A Red Lichtie who christened Muhammed Ali ‘The Greatest’ has died just a year after throwing in the towel on his boxing career.
International Boxing Hall of Fame inductee ‘Dandy’ Don Fraser, described as a true lifer in Los Angeles boxing circles, died at his home in Toluca Lake, California, at the age of 92.
Fraser, whose father Ernest was from Arbroath, had been involved in various aspects of professional boxing as a promoter, matchmaker, manager, publicist, writer, executive and corner man.
He was responsible for promoting many fights, including the 1973 rematch between Muhammad Ali and Ken Norton.
He also promoted bouts featuring Hall-of-Famers Sugar Ray Robinson, Ruben Olivares and George Foreman.
Most memorably, he gave Ali, then Cassius Clay, the soubriquet of The Greatest.
He pinned a notice, with this title, to Clay’s chest at a function, and Clay took to it in a big way.
“Fraser did it all in the sport of boxing and dedicated his life to the sweet science,” Hall of Fame executive director Edward Brophy said.
“Everyone at the Hall of Fame joins the boxing community in mourning his passing and remembering his many, many accomplishments.”
Fraser was honoured in a special “Salute to Don Fraser” sell-out event in Los Angeles last year by the National Boxing Hall of Fame after announcing his retirement.
Many champions and fighters were there to support him – including the Ruelas Brothers, Paul Banke, Ruben Castillo, Herman Montes, Danny ‘Little Red’ Lopez, Armando Muniz and Arturo Frias.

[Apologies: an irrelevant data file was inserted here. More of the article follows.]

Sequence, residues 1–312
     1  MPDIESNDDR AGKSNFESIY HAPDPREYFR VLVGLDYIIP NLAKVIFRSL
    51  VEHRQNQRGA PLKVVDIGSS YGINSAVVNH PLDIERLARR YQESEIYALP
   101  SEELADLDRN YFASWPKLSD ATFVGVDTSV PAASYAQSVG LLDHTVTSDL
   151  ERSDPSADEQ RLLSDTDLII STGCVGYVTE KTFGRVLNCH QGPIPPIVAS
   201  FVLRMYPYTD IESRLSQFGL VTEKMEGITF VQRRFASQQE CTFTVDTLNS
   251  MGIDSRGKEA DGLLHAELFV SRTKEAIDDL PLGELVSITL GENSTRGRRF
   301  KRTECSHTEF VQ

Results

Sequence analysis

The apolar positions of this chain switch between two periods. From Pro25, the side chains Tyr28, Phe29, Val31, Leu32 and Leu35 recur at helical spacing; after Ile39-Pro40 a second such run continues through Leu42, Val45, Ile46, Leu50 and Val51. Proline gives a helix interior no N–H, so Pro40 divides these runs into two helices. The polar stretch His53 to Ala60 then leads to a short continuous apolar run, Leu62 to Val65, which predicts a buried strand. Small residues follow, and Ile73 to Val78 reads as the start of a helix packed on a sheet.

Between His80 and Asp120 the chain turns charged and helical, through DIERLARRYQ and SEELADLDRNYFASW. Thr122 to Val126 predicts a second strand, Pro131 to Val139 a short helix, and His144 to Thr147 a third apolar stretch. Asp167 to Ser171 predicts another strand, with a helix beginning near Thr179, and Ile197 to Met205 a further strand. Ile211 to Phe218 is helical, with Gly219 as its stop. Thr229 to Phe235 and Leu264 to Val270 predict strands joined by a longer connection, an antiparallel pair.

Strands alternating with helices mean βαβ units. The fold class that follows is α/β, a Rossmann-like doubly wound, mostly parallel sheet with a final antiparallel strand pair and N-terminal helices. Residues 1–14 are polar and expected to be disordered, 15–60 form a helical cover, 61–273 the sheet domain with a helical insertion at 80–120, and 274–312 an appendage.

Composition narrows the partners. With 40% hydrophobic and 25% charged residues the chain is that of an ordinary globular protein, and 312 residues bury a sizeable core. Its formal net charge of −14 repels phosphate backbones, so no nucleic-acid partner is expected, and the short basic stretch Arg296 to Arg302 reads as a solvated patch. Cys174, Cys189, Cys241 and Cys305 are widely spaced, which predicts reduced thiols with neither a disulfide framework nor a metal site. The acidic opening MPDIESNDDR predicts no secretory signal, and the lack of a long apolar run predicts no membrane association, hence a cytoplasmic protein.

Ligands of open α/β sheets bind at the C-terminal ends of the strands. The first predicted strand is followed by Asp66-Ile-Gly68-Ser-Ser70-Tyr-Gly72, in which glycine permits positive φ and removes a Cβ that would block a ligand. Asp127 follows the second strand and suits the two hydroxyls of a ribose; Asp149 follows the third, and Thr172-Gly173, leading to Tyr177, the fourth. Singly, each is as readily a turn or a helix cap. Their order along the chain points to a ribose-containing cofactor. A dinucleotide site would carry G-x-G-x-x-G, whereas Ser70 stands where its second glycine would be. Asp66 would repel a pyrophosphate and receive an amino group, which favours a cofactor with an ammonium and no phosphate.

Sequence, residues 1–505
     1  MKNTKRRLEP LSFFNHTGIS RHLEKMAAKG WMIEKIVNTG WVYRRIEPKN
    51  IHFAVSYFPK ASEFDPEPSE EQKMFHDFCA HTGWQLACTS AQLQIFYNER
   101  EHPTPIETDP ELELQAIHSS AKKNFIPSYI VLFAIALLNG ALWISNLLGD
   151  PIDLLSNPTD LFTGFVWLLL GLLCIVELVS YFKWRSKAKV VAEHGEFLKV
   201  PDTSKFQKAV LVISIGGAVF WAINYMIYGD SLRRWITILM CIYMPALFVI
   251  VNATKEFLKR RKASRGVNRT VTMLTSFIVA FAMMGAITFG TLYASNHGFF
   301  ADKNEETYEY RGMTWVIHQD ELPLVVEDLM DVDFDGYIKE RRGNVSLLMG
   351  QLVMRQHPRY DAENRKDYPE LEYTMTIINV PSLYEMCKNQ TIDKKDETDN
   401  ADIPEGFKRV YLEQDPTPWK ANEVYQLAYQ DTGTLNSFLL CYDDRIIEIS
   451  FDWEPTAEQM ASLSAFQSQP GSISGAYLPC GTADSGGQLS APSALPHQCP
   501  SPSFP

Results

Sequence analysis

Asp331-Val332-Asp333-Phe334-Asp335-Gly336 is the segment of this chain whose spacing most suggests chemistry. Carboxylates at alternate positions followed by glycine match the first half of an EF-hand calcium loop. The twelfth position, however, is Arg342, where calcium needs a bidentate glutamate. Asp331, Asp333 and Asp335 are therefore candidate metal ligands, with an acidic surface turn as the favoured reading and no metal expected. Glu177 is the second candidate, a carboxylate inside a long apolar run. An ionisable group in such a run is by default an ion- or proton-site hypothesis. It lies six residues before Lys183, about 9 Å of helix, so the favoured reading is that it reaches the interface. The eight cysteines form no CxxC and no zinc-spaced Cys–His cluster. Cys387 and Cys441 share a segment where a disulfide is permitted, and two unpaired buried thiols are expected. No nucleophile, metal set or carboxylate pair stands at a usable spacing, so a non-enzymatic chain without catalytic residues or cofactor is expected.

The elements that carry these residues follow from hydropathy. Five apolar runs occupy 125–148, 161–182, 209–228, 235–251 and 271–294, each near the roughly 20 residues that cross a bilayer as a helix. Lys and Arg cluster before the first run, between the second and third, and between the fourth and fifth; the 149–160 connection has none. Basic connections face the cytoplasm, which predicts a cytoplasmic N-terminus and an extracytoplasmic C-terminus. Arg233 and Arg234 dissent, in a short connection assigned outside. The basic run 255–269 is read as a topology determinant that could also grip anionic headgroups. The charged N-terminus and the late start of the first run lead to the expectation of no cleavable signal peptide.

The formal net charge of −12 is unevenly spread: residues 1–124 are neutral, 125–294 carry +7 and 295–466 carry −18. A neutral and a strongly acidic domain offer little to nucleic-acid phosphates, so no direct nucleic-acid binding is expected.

Fraser had a reputation for colourful antics and was remembered best for working with Art Aragon, a lightweight and welterweight champion in the 1950s.
Fraser bought costumes for Aragon, who would show up at media events dressed like Vincent van Gogh or Shakespeare.
Fraser also promoted a lightweight named Lauro “the Lion” Salas and wanted to pose Salas with the real cat and contacted a lion tamer and a zoo.
The lion opened his mouth and tried to take a bite out of Salas’ arm.
The only thing that saved him was his reflexes.
Fraser was part of the famous Fraser family from Arbroath which produced jute-soled shoes called Alpargatas in Argentina.
The business which started out in Buenos Aires took off and spawned sister companies in Uruguay and Brazil, becoming a vast enterprise.
Fraser was the grandson of Douglas Fraser II, a son of the Douglas who founded the Arbroath business.
His father, Ernest Fraser, left Angus and, having worked in India and marrying a lady with a British Army background, settled in LA after the First World War, where Fraser was born.